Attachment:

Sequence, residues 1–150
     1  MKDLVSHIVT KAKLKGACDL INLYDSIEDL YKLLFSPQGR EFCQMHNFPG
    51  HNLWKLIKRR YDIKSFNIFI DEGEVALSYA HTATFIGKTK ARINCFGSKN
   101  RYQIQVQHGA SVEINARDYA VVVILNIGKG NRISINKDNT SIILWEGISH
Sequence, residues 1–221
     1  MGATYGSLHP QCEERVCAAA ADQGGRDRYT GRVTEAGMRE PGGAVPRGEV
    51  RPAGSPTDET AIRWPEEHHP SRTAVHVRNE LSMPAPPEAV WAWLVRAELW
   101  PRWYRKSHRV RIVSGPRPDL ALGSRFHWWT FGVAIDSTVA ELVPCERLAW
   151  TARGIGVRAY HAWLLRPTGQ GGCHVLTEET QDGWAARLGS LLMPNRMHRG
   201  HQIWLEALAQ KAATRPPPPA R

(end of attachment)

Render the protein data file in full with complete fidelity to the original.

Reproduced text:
Sequence, residues 1–150
     1  MKDLVSHIVT KAKLKGACDL INLYDSIEDL YKLLFSPQGR EFCQMHNFPG
    51  HNLWKLIKRR YDIKSFNIFI DEGEVALSYA HTATFIGKTK ARINCFGSKN
   101  RYQIQVQHGA SVEINARDYA VVVILNIGKG NRISINKDNT SIILWEGISH
Sequence, residues 1–221
     1  MGATYGSLHP QCEERVCAAA ADQGGRDRYT GRVTEAGMRE PGGAVPRGEV
    51  RPAGSPTDET AIRWPEEHHP SRTAVHVRNE LSMPAPPEAV WAWLVRAELW
   101  PRWYRKSHRV RIVSGPRPDL ALGSRFHWWT FGVAIDSTVA ELVPCERLAW
   151  TARGIGVRAY HAWLLRPTGQ GGCHVLTEET QDGWAARLGS LLMPNRMHRG
   201  HQIWLEALAQ KAATRPPPPA R